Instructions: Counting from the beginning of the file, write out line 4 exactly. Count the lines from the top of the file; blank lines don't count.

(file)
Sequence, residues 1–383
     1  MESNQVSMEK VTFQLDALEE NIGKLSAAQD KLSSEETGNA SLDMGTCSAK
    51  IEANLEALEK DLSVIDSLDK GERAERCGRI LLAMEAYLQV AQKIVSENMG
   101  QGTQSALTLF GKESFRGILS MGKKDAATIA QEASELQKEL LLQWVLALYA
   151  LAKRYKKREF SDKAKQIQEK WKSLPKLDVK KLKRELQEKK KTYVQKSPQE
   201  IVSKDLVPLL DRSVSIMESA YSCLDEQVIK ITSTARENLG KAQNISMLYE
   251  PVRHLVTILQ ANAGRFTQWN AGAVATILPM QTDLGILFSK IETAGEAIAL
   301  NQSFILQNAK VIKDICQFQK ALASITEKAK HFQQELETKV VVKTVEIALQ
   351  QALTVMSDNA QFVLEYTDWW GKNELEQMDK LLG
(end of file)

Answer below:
   101  QGTQSALTLF GKESFRGILS MGKKDAATIA QEASELQKEL LLQWVLALYA